Constructing Differential Diagnoses : Mnemonic

doctor differentials


V: Vascular (bleed or blocked), or anything related to hematology

I: Infective or Post-infective

T: Trauma or mechanical factors such as obstructions or pressure.

A: Autoimmune-related or Allergy

M: Metabolic

I: Idiopathic or Iatrogenic

N: Neoplasia

S: Social reasons – child abuse and social deprivation

A: “Alcohol”-related issues

B: Behavioral or psychosomatic disorders

C: Congenital problems (entire VITAMINSABCDEK could be applied again in the congenital causes)

D: Degenerative disorders or Drug-related problems

E: Endocrine or exocrine problems

K: Karyotype or genetic disorders. 


Zabidi-Hussin ZA. Practical way of creating differential diagnoses through an expanded VITAMINSABCDEK mnemonic. Adv Med Educ Pract. 2016 Apr 22;7:247-8. doi: 10.2147/AMEP.S106507. PMID: 27217805; PMCID: PMC4853007.


1. Congenital

2. Hematologic or Vascular

3. Organ disease

4. Psychiatric or Psychogenic

5. Pregnancy related

6. Environmental

7. Drugs (prescription, over the counter, herbal, illicit)

8. Metabolic or endocrine

9. Infections, Inflammatory, Iatrogenic or Idiopathic

10. Neoplasm related

11. Trauma

12. Surgical or procedure-related


Saint-Frances Guide: Clinical Clerkship in Outpatient Medicine
By Stephen Bent, Lianne S. Gensler, Craig Frances


Go with anatomic approach using this mnemonic. Think MINT (Malformations, Inflammation, Neoplasm, Trauma) with skin, muscle, bursa, bone or organs for pain or lump.

Example: For a lump in back


  • M—Malformations include pilonidal cysts and sebaceous cysts.
  • I—Inflammation suggests carbuncles and furuncles.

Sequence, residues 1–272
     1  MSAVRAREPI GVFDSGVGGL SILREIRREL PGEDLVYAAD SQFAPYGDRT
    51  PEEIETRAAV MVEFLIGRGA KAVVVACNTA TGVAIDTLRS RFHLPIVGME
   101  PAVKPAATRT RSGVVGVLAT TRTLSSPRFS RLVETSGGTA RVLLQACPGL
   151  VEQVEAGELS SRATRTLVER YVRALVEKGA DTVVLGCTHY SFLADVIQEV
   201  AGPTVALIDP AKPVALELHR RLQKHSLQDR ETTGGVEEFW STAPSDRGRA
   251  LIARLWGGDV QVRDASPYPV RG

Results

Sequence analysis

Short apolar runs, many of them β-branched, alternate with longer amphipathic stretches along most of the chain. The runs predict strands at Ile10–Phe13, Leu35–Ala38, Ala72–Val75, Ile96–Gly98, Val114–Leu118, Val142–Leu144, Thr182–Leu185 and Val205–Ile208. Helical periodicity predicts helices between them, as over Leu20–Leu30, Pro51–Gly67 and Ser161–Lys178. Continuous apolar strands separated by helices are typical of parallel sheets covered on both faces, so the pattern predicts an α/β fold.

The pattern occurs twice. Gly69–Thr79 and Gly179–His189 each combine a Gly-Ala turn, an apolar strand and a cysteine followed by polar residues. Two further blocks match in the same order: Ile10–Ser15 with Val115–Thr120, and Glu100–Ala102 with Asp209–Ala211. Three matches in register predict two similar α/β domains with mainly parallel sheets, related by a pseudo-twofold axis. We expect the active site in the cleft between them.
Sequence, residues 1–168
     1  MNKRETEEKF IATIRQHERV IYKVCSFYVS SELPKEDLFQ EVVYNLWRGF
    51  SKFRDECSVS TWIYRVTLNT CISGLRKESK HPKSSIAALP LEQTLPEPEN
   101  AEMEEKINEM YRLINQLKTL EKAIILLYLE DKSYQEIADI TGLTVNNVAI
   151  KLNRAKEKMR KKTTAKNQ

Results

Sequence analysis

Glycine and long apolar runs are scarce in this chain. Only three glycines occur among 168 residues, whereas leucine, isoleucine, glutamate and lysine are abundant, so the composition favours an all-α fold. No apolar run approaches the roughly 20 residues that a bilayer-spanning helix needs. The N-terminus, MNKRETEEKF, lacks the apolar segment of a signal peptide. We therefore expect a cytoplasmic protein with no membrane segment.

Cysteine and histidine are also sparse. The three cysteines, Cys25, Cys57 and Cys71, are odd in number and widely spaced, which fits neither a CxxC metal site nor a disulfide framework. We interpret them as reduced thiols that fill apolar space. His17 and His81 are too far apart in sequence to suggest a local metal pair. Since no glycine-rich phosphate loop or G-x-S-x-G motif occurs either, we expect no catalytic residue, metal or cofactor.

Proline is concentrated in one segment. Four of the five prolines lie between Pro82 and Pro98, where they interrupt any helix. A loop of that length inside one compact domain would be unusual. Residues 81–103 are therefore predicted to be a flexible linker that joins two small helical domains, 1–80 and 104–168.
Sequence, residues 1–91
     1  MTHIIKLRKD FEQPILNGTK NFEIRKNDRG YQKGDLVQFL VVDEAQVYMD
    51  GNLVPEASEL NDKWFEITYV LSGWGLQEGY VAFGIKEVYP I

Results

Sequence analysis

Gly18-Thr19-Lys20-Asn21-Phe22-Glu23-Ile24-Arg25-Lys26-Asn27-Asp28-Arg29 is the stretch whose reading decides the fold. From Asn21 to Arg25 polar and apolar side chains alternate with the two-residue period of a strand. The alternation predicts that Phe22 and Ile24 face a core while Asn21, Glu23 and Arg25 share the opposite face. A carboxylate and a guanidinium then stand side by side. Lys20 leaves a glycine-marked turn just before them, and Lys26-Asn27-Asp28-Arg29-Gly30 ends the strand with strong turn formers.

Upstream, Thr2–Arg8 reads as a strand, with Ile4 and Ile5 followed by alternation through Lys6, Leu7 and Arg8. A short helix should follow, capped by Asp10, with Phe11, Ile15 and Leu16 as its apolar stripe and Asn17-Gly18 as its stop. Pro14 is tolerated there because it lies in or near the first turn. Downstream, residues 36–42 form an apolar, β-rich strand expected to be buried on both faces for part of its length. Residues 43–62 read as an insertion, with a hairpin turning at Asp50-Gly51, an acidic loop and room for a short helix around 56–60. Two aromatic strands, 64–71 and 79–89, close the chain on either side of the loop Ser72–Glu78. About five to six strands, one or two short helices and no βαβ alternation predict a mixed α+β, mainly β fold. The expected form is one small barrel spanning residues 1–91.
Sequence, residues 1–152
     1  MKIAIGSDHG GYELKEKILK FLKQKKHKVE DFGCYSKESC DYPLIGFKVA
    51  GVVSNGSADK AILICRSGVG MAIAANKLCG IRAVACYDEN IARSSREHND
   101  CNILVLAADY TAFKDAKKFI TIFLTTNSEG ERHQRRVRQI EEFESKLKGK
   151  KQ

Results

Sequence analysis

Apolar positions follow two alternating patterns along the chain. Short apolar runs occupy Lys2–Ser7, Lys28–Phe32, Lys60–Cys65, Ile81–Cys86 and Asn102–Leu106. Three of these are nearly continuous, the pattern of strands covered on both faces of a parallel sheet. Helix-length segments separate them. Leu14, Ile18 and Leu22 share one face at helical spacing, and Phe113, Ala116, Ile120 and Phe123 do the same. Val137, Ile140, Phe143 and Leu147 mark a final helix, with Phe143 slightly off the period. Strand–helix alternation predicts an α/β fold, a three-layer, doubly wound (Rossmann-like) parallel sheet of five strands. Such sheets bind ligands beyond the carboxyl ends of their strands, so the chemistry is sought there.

• N—Neoplasms include hemangiomas, neurofibromas, lipomas, and metastatic tumors.
  • T—Trauma, suggests contusions.

Subcutaneous tissue and fascia

  • M—Malformations include hernias of Petit triangle.
  • I—Inflammation suggests lesions such as rheumatoid nodules and abscesses.
  • N—Neoplasms as mentioned above.
  • T—Trauma includes contusions and lacerations.

Muscle: nodular fibromyositis, bursal swelling, strains or spasm


  • M—Malformations include spina bifida, which may be occult or manifest as a swelling such as meningocele or meningomyelocele.
  • I—Inflammation suggests the gibbus of Pott disease (tuberculosis of the spine).
  • N—Neoplasm suggests metastatic neoplasm and multiple myeloma of the spine which may protrude from beneath the skin.
  • T—Trauma suggests the obvious mass of a fracture dislocation or hematoma of the periosteum of the spine.

Retroperitoneal structure: Wilms tumors of the kidney and perinephric abscesses may present as a mass in the back.

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